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Specialty Fruit Beer Chocolate Cherry Stout

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budaboff

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Try this next time.

Soak 2 lbs of dark sweet cherries in Woodford Reserve bourbon (16 oz) for 1 month. Add all cherries and about 8 oz of the bourbon-cherry extract you just created to your secondary. With the chocolate and vanilla already in the beer, it is amazing.

Its like a meal in a bottle. You get the bourbon up front like a before dinner cocktail. A nice roasted sweet beer and the chocolate cherry hits you at the end like a nice dessert.

I also made mine a sweet stout. I still have about 4 oz of the cherry bourbon left over and I'm going to add it at bottling to a foreign extra sweet stout.
 

_the_CaverDave

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#magno... Just brewed a 10 gallon batch yesterday (plit into 2 - 5 gallon fermenters) and can hardly wait to taste it around the New Year! This was my 4th AG batch and 1st 10 gallon batch. Hoping you (or others) might comment on my questions below?

Fermented 4 days, then added cherry juice concentrate. Fermented 10 more days, then racked and added vanilla beans. Bulk aged 55 days before bottling.

The concentrate contributes a bunch of fermentable sugar, and the cherry flavor is much more prominent than when I have used whole fruit in the past.
Wondering if you noted a higher ABV or drier finish adding the juice concentrate so early in the fermentation? Seems the yeast might jump on the juices ferment-able sugars and might end up closer to Imperial levels?

What about holding the juice until later in fermentation process?

Adding the cocoa to the mash seems to infuse the beer with a "deeper" chocolate flavor than I have gotten when I added it to the secondary
I added 1# of cocoa powder in the mash, but read others saying it stays suspended in the beer well after cold crashing and causing cloudiness. Did this suspended cocoa powder cause any issues for you? I'm not concerned with clarity, but wondering if it adds any "grittiness"?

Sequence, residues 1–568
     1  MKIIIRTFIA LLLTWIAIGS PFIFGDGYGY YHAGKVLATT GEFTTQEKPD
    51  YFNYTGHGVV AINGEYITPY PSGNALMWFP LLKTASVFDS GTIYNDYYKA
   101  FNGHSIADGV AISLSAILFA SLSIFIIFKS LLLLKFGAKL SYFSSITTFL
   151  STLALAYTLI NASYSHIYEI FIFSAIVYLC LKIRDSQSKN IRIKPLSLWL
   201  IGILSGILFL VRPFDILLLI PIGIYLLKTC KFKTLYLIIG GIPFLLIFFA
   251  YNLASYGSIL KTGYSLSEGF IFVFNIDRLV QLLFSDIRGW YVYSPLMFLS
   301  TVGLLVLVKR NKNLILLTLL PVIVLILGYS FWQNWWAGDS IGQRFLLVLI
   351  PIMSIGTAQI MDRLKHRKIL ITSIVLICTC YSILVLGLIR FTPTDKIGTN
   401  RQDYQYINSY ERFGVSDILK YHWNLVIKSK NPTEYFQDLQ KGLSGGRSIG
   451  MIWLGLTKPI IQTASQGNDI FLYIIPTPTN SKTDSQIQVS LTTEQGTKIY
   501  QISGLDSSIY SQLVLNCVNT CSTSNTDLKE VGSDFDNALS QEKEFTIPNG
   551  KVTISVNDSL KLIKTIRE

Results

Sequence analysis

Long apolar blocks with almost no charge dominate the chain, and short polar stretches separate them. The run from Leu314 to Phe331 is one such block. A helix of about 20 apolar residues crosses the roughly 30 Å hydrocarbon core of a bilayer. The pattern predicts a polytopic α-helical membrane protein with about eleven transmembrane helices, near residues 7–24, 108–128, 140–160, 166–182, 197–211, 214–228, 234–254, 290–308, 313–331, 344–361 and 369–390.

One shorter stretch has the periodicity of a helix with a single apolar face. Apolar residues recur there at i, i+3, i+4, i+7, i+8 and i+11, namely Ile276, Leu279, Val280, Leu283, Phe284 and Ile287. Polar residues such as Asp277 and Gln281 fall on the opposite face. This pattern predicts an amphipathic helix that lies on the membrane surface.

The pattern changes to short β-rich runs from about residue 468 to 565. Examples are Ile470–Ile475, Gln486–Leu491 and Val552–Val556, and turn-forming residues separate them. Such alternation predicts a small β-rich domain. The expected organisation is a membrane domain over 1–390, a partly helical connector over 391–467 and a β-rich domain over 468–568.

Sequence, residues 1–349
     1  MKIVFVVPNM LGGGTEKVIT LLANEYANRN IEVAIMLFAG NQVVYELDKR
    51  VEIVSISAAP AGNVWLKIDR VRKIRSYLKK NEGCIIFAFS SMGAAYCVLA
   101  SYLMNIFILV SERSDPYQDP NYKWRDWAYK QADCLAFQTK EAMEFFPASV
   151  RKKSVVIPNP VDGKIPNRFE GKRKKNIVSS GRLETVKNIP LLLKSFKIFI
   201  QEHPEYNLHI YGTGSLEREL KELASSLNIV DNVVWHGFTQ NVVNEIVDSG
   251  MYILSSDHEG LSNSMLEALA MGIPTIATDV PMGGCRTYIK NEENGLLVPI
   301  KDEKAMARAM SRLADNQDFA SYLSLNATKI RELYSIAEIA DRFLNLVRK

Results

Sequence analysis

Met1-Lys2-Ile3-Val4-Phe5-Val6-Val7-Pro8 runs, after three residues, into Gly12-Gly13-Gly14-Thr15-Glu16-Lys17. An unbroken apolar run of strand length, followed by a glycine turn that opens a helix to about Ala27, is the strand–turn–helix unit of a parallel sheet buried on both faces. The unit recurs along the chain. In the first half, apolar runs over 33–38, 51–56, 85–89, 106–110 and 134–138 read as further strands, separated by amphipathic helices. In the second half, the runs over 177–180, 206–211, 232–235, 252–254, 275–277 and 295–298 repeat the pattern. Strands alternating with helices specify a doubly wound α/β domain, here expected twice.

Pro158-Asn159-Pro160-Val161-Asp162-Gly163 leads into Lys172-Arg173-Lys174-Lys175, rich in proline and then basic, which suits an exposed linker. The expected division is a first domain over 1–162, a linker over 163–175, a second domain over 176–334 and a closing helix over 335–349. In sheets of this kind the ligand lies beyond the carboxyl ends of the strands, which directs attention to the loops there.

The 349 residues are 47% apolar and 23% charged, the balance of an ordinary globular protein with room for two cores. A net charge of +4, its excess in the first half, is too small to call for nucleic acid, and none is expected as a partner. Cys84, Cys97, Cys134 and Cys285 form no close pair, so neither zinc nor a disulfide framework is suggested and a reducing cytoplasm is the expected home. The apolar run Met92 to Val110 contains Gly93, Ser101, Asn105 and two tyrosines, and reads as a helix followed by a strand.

The addition at the secondary gives a different quality.
Can you comment on what that "quality" diffidence is?

:mug:
 

nrm10101

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I brewed this beer back in the beginning of October and just bottled this past weekend. Warm and uncarbonated, this beer tastes awesome! I can't wait for it to bottle condition.

I had some issues when brewing. Stupid me used the 5 gallon measuring stick for water during mash-in instead of the 10 gallon stick, so my strike water was WAY off. I made up for it by adding more water about 45 minutes in (when I realized my mistake) and let it go for another 30 minutes... then did my normal sparge. I ended up with a horrible efficiency (55%) and a very low OG of 1.048. I added DME at boil until I got to 1.058 (ran out of DME at that point). So, I was about 10 points low.

After 4 days of fermenting, the beer settled down, I added 72oz of Knudsen condensed cherry juice. Within an hour, the bubbler was going at full speed again!

10 more days, added the vanilla beans and extra chocolate. The extra chocolate got VERY messy inside the carboy, and was sticking to the sides, so after 2 more weeks I racked it again. I kept the vanilla beans in until bottling.

8 weeks after brewing, I ended up at 1.016, and I bottled it into 48 12-oz bottles. I'm going to take the suggestion of putting 6 or so of these aside until next year to compare, since I have a feeling I'll be making this my normal seasonal brew. I can't wait to drink it! Thanks for the recipe!
 

_the_CaverDave

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Just racked mine to keg yesterday and is carbonating. Interesting taste warm/un-carbonated... bitter, but not in the hops sense. Will sample a pint later tonight, then to the back of the fridge it goes until Christmas!